“I don’t want to study them,” said Gregory, harshly.
“Think Greek’s more worth your while, or know ’em well enough already?” Fane suggested.
“No, I don’t know them at all,” said the student.
“I don’t believe,” urged the clerk, as if it were relevant, “that there’s a girl in the house that you couldn’t marry, if you gave your mind to it.”
Gregory twitched irascibly. “I don’t want to marry them.”
“Pretty cheap lot, you mean? Well, I don’t know.”
“I don’t mean that,” retorted the student. “But I’ve got other things to think of.”
“Don’t you believe,” the clerk modestly urged, “that it is natural for a man—well, a young man—to think about girls?”
“I suppose it is.”
“And you don’t consider it wrong?”
“Well, a waste of time. I don’t know as I always think about wanting to marry ’em, or be in love, but I like to let my mind run on ’em. There’s something about a girl that, well, you don’t know what it is, exactly. Take almost any of ’em,” said the clerk, with an air of inductive reasoning. “Take that Claxon girl, now for example, I don’t know what it is about her. She’s good-looking, I don’t deny that; and she’s got pretty manners, and she’s as graceful as a bird. But it a’n’t any one of ’em, and it don’t seem to be all of ’em put together that makes you want to keep your eyes on her the whole while. Ever noticed what a nice little foot she’s got? Or her hands?”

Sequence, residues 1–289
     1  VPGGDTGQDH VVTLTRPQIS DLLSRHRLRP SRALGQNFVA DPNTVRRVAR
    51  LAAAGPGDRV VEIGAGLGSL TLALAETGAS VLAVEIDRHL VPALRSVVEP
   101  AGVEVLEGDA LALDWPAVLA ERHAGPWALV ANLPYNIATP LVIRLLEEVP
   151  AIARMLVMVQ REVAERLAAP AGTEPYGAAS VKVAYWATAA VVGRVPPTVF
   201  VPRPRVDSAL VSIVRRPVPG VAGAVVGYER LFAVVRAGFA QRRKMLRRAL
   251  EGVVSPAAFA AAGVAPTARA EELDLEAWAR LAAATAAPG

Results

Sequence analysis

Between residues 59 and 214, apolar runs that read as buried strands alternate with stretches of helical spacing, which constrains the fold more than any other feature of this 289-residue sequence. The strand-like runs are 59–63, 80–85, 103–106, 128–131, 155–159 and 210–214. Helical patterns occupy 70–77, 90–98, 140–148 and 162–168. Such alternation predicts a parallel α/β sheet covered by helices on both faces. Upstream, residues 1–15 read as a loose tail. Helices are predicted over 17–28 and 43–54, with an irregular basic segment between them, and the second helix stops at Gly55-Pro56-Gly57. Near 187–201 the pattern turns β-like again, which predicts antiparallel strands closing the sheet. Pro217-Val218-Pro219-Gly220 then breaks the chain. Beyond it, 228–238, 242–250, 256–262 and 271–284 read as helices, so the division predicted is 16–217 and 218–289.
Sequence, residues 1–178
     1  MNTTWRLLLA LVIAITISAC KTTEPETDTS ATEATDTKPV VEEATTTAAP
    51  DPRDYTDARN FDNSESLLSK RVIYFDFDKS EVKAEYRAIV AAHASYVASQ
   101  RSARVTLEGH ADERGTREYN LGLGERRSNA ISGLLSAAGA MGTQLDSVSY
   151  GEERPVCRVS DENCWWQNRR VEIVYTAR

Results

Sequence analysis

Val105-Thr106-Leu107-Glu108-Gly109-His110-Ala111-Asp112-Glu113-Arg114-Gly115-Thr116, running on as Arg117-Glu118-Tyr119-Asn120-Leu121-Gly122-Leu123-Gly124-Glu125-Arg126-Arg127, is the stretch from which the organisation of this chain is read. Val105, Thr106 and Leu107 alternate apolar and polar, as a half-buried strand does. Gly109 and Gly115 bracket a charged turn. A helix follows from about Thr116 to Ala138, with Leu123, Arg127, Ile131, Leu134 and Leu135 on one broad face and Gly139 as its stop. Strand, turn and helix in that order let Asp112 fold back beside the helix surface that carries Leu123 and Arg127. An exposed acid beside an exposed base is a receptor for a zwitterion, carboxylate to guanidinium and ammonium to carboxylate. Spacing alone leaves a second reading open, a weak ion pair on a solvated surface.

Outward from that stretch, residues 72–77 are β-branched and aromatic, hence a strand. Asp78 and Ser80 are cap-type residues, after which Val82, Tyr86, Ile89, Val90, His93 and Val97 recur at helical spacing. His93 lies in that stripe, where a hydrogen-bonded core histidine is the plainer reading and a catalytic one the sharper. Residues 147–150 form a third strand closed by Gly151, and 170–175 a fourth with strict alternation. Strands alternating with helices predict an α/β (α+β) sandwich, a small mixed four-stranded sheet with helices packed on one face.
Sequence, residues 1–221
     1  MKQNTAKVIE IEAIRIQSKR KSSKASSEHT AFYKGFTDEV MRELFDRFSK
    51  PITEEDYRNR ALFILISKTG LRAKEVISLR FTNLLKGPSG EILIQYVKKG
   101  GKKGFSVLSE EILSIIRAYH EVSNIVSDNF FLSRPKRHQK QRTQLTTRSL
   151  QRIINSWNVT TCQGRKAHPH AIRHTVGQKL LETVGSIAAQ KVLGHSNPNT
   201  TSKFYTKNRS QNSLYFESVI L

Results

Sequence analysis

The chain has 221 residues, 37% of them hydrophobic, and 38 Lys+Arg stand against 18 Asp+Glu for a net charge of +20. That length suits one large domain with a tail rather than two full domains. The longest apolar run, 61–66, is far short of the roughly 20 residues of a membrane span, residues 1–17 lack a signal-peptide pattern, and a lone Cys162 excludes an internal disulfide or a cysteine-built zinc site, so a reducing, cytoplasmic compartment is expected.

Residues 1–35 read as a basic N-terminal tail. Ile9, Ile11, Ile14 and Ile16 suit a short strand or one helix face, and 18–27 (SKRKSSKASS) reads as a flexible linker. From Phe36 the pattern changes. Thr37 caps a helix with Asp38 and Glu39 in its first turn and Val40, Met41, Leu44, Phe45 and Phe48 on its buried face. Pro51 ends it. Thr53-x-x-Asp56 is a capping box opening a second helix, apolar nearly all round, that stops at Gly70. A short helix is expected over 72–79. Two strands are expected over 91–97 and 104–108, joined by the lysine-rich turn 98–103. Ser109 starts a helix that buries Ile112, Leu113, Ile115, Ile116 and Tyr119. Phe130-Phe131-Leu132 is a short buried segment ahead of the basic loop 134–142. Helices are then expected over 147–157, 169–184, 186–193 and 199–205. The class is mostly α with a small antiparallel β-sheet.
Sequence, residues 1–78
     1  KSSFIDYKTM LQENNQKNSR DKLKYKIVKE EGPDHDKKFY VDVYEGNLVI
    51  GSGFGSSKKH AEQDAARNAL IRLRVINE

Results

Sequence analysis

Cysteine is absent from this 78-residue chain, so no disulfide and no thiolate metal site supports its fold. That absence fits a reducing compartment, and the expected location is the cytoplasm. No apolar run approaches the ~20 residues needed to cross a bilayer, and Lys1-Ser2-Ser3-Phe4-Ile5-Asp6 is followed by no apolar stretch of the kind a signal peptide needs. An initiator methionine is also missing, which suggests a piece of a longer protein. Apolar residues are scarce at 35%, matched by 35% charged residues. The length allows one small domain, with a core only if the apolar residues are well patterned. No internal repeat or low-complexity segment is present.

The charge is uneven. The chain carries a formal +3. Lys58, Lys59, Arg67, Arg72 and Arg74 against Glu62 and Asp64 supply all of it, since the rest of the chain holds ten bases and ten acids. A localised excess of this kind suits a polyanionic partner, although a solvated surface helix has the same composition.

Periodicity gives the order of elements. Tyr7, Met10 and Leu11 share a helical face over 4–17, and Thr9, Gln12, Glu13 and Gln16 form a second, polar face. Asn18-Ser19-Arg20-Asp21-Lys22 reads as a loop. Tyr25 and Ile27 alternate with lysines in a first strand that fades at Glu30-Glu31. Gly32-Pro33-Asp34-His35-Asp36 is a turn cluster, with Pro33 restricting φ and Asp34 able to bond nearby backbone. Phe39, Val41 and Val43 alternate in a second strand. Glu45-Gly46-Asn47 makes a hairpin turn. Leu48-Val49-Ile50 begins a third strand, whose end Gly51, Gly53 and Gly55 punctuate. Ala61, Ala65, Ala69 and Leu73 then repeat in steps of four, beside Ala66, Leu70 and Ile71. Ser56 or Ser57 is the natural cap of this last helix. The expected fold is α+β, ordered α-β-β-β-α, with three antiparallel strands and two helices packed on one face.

“No,” said the student.
“I don’t mean that she ever tries to show them off; though I know some girls that would. But she’s not that kind. She ain’t much more than a child, and yet you got to treat her just like a woman. Noticed the kind of way she’s got?”
“No,” said the student, with impatience.
The clerk mused with a plaintive air for a moment before he spoke. “Well, it’s something as if she’d been trained to it, so that she knew just the right thing to do, every time, and yet I guess it’s nature. You know how the chef always calls her the Boss? That explains it about as well as anything, and I presume that’s what my mind was running on, the other day, when I called her Boss. But, my! I can’t get anywhere near her since!”
“It serves you right,” said Gregory. “You had no business to tease her.”
“Now, do you think it was teasing? I did, at first, and then again it seemed to me that I came out with the word because it seemed the right one. I presume I couldn’t explain that to her.”
“It wouldn’t be easy.”
“I look upon her,” said Fane, with an effect of argument in the sweetness of his smile, “just as I would upon any other young lady in the house. Do you spell apology with one p or two?”
“One,” said the student, and the clerk made a minute on a piece of paper.
“I feel badly for the girl. I don’t want her to think I was teasing her or taking any sort of liberty with her. Now, would you apologize to her, if you was in my place, and would you write a note, or just wait your chance and speak to her?”